§11.17. Phrases to decide other things

A condition is a yes/no decision, but we can also take decisions where the result is a value. Suppose we want to create a concept of the "grand prize", which will have different values at different times in play. Each time the "grand prize" is referred to, Inform will have to decide what its value is, and the following tells Inform how to make that decision:

To decide which treasure is the grand prize:
if the Dark Room has been visited, decide on the silver bars;
decide on the plover's egg.

Note that we have to say what kind the answer will be: here it's a kind of thing called "treasure" (which we're supposing has already been created), and as it turns out only two treasures are ever eligible anyway (we're also supposing that the plover's egg and the silver bars are treasures already created, of course). And note also that the phrase must in all cases end with a "decide on ..." to say what the answer is:

decide on (value)

This phrase can only be used in the body of a definition of a phrase to decide a value. It causes the calculation to end immediately, with the outcome being the given value, which must be of the kind expected. Example:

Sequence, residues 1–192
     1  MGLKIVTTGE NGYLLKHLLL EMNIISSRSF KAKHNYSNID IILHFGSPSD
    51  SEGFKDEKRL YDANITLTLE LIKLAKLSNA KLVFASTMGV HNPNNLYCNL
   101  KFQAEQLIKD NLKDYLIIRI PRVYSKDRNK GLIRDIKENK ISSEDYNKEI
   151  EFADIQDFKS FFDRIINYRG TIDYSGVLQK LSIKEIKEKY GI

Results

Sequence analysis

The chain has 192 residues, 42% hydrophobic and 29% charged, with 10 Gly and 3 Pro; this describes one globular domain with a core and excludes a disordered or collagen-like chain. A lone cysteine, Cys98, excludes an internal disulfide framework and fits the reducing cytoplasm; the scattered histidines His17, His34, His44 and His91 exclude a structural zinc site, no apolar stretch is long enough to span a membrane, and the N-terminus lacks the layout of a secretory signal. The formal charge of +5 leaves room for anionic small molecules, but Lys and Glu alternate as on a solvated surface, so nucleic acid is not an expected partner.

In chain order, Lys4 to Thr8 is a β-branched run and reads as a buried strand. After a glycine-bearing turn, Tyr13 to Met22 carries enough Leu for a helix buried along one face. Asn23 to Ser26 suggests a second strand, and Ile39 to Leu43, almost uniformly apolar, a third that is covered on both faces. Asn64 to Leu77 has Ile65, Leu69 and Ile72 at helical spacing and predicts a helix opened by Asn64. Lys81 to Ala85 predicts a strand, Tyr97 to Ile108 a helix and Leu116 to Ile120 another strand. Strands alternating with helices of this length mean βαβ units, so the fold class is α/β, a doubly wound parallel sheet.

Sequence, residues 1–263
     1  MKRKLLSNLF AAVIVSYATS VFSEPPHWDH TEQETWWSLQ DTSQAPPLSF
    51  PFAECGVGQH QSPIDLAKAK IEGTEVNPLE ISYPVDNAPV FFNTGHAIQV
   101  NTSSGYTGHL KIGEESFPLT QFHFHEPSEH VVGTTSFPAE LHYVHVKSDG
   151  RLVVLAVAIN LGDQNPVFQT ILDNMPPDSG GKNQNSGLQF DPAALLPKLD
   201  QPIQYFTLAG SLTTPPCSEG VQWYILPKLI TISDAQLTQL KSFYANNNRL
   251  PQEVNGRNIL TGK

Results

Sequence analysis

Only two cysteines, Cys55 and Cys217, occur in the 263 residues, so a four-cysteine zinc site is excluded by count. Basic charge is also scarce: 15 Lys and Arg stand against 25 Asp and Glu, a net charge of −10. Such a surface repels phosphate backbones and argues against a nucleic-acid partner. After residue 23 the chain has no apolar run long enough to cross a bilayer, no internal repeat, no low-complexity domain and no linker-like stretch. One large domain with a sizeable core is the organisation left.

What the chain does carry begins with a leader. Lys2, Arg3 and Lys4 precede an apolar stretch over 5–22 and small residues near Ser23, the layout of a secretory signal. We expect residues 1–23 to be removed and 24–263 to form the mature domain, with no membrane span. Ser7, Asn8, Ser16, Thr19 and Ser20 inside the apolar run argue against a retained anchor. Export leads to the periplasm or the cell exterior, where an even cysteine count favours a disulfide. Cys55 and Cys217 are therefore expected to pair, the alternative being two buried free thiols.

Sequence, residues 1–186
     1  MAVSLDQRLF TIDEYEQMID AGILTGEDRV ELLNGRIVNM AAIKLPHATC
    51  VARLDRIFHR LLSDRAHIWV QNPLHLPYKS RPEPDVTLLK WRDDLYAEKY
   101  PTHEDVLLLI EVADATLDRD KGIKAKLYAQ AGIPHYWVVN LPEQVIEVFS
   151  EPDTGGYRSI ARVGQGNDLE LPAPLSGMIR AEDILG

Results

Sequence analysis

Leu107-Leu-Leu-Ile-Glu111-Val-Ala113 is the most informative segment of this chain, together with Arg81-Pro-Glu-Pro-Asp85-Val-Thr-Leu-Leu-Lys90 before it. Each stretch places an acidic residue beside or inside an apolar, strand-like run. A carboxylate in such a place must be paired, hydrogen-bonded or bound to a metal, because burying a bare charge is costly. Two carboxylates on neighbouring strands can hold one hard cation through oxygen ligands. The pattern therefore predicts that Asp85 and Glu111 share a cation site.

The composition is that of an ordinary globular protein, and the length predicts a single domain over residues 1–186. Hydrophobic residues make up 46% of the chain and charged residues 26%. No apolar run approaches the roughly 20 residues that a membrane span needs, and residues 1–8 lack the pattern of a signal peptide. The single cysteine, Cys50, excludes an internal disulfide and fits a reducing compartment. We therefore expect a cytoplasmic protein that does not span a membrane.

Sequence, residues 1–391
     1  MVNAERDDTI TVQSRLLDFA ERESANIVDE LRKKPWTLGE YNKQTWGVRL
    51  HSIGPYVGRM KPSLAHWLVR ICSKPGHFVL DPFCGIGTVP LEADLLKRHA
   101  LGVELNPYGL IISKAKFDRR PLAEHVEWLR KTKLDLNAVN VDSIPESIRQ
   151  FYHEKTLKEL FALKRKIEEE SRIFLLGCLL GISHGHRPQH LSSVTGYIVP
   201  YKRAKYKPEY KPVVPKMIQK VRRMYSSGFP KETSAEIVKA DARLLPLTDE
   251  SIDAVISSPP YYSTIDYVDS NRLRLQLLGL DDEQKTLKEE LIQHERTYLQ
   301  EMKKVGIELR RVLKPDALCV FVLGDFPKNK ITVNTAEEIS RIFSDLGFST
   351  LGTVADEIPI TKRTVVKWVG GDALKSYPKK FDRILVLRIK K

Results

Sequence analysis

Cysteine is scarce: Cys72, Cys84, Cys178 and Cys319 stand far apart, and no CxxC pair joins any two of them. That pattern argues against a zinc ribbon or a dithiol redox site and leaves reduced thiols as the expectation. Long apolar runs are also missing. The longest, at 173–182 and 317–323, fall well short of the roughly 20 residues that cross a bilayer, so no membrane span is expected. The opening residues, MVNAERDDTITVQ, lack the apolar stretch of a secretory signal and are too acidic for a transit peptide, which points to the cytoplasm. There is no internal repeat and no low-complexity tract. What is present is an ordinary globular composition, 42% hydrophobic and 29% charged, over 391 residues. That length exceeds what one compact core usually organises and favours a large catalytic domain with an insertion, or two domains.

To decide which number is double (N - a number):
let D be N times N;
decide on D.

Now that we have "grand prize" created, we can use it just as we would use any other value, so for instance:

if taking the grand prize, ...

As this is something of a dialect difference between English speakers, "what" and "which" are synonymous here, i.e., we could equally well write something like:

To decide what number is the target score: ...

(A phrase to decide if something-or-other is exactly the same thing as a phrase to decide a truth state, and indeed, if we want to then we can use "decide on T", where T is a truth state, in its definition. For instance:

To decide if time is short:
if the time of day is after 10 PM, decide on true;
...
decide on whether or not Jennifer is hurried.

"Decide on true" is exactly equivalent to the more normally used "decide yes", and of course it is optional. The last line is more interesting since it effectively delegates the answer to another condition.)

 Start of Chapter 11: Phrases Back to §11.16. New conditions, new adjectives Onward to §11.18. The value after and the value before

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